This is the second of a two-part look at rugby rivalries.

You may have read our article from last month, in which we looked at some of the top rivalries at club level. 

This month, we turn our attention to the international stage. So, read on to find out about some of the top rivalries between rugby nations around the world. 

International rivalries are part of rugby history

The first international rugby match took place in Edinburgh in March 1871 between Scotland and England. 

Since then, internationals have become an integral part of rugby history. 

The fact that top-level rugby is only played by a relatively small number of nations means that rivalries are that much more intense than you may find in some other sports.

They are rivalries that can set the pulse of even neutral observers racing, and create stories and legends that are talked about for years afterwards. 

Furthermore, with a Rugby World Cup on the horizon, there is now the mouthwatering prospect of some of the rivalries you can read about here being rekindled in the furnace of a World Cup. 

Although, to be honest, none of the five listed here really need anything extra to add to the intensity. 

1. New Zealand v South Africa

With all due respect to Australia and, more recently, Argentina, for over a century matches between New Zealand and South Africa have been all about southern hemisphere and, to an extent, world domination. 

Since 1921, these two rugby giants have gone up against each other over 100 times, with each encounter seemingly more physical and intense than the last. 

If the All Blacks have often been seen as the standard against which other teams compare themselves, it is no surprise that South Africa have the best record against them. Indeed, their 37% win rate is far higher than any other nation has managed. 

Between them, they have won six out of the nine Rugby World Cups, and it would be hard to bet against one or both of them being in the final this year at the Stade France in October. 

2. England v Wales 

One of the biggest attractions of the Six Nations is that it is an annual event. 

This means that story lines and narratives can develop from year to year. Beaten teams can gain some satisfaction from knowing that they only have to wait 12 months for a chance of revenge.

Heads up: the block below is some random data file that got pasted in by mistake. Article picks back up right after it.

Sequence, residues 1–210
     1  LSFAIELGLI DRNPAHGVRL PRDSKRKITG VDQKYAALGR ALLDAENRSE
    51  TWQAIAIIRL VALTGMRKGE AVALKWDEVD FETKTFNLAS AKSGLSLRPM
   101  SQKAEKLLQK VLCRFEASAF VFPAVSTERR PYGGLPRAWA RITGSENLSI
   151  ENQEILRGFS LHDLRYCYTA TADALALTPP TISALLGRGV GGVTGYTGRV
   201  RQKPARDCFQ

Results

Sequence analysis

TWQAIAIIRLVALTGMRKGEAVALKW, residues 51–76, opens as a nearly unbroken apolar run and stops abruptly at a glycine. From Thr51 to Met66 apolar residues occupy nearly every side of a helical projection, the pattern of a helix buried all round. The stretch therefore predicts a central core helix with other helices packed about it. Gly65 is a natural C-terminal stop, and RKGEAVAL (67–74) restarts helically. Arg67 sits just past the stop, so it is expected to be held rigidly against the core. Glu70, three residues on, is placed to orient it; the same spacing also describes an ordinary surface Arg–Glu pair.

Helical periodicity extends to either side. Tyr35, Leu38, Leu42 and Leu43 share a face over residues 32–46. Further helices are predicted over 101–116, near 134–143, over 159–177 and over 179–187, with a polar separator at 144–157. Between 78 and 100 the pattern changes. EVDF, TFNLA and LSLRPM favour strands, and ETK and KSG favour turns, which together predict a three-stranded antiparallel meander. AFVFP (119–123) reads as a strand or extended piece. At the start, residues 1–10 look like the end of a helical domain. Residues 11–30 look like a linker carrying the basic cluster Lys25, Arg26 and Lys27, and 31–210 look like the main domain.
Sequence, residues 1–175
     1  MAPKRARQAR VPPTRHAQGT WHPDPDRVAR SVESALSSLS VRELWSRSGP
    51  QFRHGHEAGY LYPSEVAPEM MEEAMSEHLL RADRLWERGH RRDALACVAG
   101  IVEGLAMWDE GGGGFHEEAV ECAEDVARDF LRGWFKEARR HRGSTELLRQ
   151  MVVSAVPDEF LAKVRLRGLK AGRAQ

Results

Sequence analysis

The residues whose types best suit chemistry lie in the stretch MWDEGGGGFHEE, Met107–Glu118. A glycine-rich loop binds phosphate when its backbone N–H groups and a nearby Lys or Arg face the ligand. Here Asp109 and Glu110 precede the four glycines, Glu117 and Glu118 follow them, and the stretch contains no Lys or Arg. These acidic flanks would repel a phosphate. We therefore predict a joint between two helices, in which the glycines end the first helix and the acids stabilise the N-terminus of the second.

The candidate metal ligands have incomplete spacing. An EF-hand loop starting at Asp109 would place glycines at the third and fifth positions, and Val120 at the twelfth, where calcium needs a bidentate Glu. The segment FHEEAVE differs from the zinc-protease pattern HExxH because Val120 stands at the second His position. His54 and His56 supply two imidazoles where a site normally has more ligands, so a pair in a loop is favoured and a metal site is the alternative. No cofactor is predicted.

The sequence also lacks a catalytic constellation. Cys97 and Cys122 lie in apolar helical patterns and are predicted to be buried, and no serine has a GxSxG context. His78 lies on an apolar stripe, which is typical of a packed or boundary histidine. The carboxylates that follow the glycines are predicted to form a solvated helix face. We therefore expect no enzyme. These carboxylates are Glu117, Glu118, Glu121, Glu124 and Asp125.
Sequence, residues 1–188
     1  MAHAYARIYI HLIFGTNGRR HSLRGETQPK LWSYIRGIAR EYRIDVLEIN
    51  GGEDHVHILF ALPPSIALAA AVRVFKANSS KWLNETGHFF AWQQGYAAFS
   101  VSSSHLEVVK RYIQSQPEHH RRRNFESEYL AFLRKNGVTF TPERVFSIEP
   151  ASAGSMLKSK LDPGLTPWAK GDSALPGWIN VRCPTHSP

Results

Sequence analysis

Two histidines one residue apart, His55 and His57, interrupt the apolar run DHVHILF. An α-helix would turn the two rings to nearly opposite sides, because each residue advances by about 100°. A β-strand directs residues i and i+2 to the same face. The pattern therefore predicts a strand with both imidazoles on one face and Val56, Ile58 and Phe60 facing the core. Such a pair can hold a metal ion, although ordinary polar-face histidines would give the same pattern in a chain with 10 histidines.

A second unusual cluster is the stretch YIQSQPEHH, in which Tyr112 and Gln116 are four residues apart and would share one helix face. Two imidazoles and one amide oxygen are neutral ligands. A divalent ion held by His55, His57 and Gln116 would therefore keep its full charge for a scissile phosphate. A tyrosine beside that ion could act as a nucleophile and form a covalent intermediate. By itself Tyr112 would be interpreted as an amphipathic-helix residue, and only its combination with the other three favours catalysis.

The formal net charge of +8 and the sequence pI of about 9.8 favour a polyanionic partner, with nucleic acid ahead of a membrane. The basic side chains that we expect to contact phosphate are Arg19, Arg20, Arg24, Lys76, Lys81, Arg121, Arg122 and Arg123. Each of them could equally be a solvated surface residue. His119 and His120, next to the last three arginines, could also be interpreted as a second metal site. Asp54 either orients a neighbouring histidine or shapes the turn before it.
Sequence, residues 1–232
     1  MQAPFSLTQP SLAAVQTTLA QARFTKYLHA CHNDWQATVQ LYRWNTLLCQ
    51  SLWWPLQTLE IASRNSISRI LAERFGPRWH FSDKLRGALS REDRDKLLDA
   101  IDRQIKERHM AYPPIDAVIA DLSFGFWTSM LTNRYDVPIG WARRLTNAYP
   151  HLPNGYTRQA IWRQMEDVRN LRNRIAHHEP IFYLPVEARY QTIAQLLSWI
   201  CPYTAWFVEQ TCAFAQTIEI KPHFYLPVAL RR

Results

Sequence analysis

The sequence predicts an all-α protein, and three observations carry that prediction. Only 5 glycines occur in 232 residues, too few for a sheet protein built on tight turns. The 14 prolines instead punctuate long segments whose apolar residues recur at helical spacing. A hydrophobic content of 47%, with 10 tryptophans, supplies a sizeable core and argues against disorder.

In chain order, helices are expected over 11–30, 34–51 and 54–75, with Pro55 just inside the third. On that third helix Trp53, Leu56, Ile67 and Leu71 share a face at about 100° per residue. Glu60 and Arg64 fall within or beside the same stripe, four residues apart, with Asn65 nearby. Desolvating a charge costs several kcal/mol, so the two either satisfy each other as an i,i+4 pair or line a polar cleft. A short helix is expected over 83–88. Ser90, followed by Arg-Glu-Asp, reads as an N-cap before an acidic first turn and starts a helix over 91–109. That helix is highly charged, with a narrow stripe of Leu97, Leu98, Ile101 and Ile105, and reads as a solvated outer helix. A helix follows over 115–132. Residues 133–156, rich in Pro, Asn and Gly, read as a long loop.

After all, who has not been looking forward to the Ireland v France match-up in 2024 from the day after the acknowledged classic they thrilled us with earlier this year? The fact that one of them could well be world champions by their next meeting just adds another layer of anticipation. 

Each of the matches has a certain spice and history, with even Italy starting to create some legends of their own. 

It is hard to pick one rivalry above all the others in the Six Nations, but England v Wales has a certain edge to it that really does make each annual encounter the one both sides desperately want to win. “As long as we beat the English” was a common refrain in Welsh club bars, long before the Stereophonics put music to it. 

3. England v France

Everyone badly wants to beat England, but France probably carry that desire more than anyone else. 

In the previous section, you read about the Six Nations creating narratives that run from year to year. That is very much the case with these two teams, and “Le Crunch” is one of the most eagerly awaited fixtures in the international rugby calendar.

After a period of French dominance in the 1980s, England fought back (often literally) in the early 90s, with red cards in matches between the two being almost as common as tries. 

The rivalry was then taken to a new level of intensity in the following decade, with England winning two consecutive World Cup semi-finals in 2003 and 2007. France then took their revenge in 2011 in the quarter-final at Eden Park. 

4. Wales v Scotland

One of the advantages of the six home nations being in relative proximity to each other is that all matches see a substantial contingent of travelling supporters enjoying a weekend in a host capital city.

This adds to the vibrant atmosphere at each match, with the added benefit that there is never any need for fans to be segregated. This is why a common TV picture is of supporters of both nations happily mingling inside and outside the stadium. 

The largest travelling contingents of all are those that descend on Cardiff and Edinburgh when Wales and Scotland play the latest match in a rivalry that dates back to the 19th century. 

It makes each game an extraordinary occasion of passion and intensity that is reflected just as much off the pitch as on it. 

It was given added recognition by the introduction of the Doddie Weir Cup in 2018, offering another layer of excitement to an already storied confrontation. 

5. Fiji v Samoa

We travel to the other side of the world to introduce you to the final rivalry on this list. 

The rivalry between Fiji and Samoa dates back to 1924, and matches between the two rarely fail to disappoint.

Both are widely regarded as extraordinary hotbeds for rugby talent. Because of their geographic location, and the relative poverty of their organising bodies, they have seen many of their very best players move to represent other nations.

Despite this, the depth of talent on both islands still means that the quality of rugby that both play is remarkably good, and matches between them are always highly competitive. 

With the Rugby World Cup in mind, Fiji and Samoa are the two sides most likely to cause an upset.

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